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Sunday, 7 August 2022

Dye bliss in Bali

Three images – a stone path through palm trees, natural coloured fabric drying on a clothesline and a white woman holding out her hands covered in blue dye.

I can't tell you how wonderful it is being out in the world again, and what joy to feel warm and away from a cold Melbourne winter. And that's just the start – the real fun has been spending six days at Threads of Life, batiking and dyeing fabric to my heart's content.

The first two days were spent in a workshop, or induction, as I got to learn about the studio and their processes as well as try out a number of different dye colours and batiking (which I hadn't done since my trip to Eswatini in 2017).

The pictures above are from the next stage of my time at Threads of Life – four days in the studio doing my own thing. The middle picture shows you where I started. I packed more of the natural Japanese cotton that I had about a bolt and a half of from an estate sale. Being unbleached I knew I wouldn't end up with the crisp blues associated with indigo dye on white, but I used some of it successfully in a quilt recently and I didn't want to buy new fabric.
An open dye studio with timber pitched roof
The dye studio as seen from in front of the dye garden.
Early on in my wanderings around Ubud I'd come across the Ikat Batik shops where they had many examples of batiking on a natural-coloured cotton and then dyed with indigo. I really loved the results so that convinced me I was taking the right approach.

I had intended to dye with a few other colours, but not all were available and nor were they right for dyeing in this season, so I worked with the indigo and the brown – Ceriops tagal (Indian mangrove) bark.
Looking into a grove of plants and trees from a paved area.
Looking at the Threads of Life dye garden from the studio. All the dye plants and mordants are labelled so you can learn about everything you're using.
Overall, I probably spent one of the four days preparing the fabrics including scouring, stitching (for the shibori) and waxing for the batik. I had a bit of a frustrating time with the batik on the first day, but washed the wax out of two overnight and went back to much better results on day two. In the end, I wish I'd spent more time on the batik. The pieces I did were about a fat-eighth in size. I had very definite project ideas for most things before I started, and the batik does take a very long time, so maybe I'll have to save more for another trip.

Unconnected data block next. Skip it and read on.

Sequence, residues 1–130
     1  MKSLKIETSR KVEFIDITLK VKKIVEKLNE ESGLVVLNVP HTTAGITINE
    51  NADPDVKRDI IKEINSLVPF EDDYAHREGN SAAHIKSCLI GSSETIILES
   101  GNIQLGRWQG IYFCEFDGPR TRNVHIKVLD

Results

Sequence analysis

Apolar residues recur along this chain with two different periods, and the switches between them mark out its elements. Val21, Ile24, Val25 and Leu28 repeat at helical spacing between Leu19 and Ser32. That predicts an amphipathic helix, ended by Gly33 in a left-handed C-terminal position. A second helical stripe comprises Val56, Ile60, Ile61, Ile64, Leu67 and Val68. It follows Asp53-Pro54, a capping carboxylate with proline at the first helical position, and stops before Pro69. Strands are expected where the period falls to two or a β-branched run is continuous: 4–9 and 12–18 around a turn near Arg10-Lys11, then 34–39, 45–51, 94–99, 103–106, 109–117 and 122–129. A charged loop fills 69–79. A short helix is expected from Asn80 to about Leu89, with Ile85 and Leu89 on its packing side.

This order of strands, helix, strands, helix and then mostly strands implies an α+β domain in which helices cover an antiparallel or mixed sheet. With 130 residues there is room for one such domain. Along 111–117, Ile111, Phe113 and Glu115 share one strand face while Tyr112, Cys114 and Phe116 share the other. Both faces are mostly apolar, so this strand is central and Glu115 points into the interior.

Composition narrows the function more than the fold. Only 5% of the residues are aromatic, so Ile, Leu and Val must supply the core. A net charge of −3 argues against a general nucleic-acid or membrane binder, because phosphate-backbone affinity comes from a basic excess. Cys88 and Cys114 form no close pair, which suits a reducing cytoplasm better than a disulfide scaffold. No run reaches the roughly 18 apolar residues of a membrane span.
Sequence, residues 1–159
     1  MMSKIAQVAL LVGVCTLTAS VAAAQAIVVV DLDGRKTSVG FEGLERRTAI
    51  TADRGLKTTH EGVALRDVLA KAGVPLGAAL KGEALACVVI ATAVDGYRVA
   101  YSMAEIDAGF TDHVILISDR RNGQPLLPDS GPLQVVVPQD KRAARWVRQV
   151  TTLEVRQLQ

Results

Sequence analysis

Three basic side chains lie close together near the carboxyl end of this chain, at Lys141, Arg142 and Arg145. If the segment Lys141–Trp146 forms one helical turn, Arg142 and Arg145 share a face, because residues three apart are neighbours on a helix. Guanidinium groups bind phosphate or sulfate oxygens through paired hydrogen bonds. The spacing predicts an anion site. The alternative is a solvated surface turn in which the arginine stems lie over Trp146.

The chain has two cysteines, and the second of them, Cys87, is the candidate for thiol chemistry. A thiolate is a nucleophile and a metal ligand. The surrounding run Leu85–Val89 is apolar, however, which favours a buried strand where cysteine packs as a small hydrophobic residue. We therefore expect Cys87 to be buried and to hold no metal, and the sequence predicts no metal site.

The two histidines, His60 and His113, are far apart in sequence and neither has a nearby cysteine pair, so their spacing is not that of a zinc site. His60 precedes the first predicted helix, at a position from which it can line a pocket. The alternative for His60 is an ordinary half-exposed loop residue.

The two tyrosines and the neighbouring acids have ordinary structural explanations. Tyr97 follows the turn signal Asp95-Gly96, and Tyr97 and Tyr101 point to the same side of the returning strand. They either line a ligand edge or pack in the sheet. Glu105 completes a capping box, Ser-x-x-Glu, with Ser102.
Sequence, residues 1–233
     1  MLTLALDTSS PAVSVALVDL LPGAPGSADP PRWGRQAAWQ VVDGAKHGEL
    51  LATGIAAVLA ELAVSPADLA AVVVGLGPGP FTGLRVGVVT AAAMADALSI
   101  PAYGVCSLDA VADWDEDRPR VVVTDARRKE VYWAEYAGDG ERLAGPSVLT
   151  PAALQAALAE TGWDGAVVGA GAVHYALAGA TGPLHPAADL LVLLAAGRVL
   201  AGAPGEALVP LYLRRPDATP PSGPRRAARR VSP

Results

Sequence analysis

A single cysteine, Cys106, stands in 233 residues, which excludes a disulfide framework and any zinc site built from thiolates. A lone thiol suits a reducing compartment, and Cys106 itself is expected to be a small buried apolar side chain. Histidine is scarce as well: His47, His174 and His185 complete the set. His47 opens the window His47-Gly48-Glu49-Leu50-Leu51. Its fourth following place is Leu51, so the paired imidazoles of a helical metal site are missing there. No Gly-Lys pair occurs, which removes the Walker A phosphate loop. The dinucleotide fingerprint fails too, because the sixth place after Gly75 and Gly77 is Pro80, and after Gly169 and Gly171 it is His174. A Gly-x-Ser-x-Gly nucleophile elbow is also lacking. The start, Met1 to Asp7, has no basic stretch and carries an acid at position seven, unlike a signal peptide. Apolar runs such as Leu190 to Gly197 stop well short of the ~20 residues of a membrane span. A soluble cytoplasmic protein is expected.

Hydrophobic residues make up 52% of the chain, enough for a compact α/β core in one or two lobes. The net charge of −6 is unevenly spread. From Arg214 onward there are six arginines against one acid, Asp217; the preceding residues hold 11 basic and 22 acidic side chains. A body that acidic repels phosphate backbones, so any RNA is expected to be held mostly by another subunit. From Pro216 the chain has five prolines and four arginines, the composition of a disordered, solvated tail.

Four folded fabrics each with a geometric batik pattern overdyed with indigo
The results of my batik experiments.
Two of my four days would have been spent in dyeing. With the blues, I wanted to achieve a gradient of colours (shown below). It's not perfect by any means, but I'm really happy with it as a first attempt. I will be combining these with the original colour of cotton to make a pieced quilt (although it's likely on the list for 2023 given the things I have organised for the rest of this year).
A gradient of six indigo-dyed blues from dark to light, left to right.
The last of the blues were the shibori pieces. The bottom piece below is a stitched technique I've used before, and although time-consuming, I'm pleased with the results each time. The top piece is a willow pattern, which I will definitely use again. The third piece wasn't really a success as I didn't have a wide enough PVC pipe to use. I ended up cutting it into smaller pieces and re-tying in various ways. Those will likely end up in a quilt back or some such.
Two pieces of shibori work
Next were the browns. Even with only two shades to manage, there's barely any difference (top two fabrics below). Dyeing the brown produces a really bright colour to start, but it's much paler on drying and takes a lot of dipping to achieve something rich and intense. I dyed my first pieces below when the pot was really warm, almost too hot to put my hands in, and I suspect that's the difference (compared to the ones I dyed on my workshop days). Putting the fabric in stone-cold water may be next to useless.

One thing the brown dye did show up were the faults in my fabric. A more dense weave at the top and bottom near the selvedge and a thicker thread running through the middle. Once seen, it's definitely visible on all the solid dyes, but I'm just viewing it as added interest and the hand of the maker – who knows really?

The bottom fabric below is an Alabama Chanin jersey. My aunt chose two deadly boring colours for me to sew up for her. They were so dull... Thankfully she's since embraced some bright colours that suit her much better, but it leaves me dealing with the leftovers. I'll see if this is any more inspiring once I give it another wash. Sadly I think it's the back of the jersey that's taken the colour better than the front shown below.
The equivalent of one full day in the studio was spent washing and finishing the fabrics. This was my seat for all of Saturday. It's the big stool... I kid you not. Most of them are at least an inch shorter and have half the surface area for planting your backside. That black drum in the distance is 650L and is tall enough that I rest my elbows on it when dipping my hands in for dyeing. That should give you some sense of scale for the stool. It's a wonder I could get up from it to be honest!
A small wooden stool surrounded by plastic washing tubs with a large, black plastic bin in the distance.
It was a really good feeling when I hung it all out to dry on the end of the fourth day and could look at what I achieved. Almost everything turned out as I hoped and I'm looking forward to getting back to the sewing machine after this burst of much-needed inspiration. I'm already planning a return trip!


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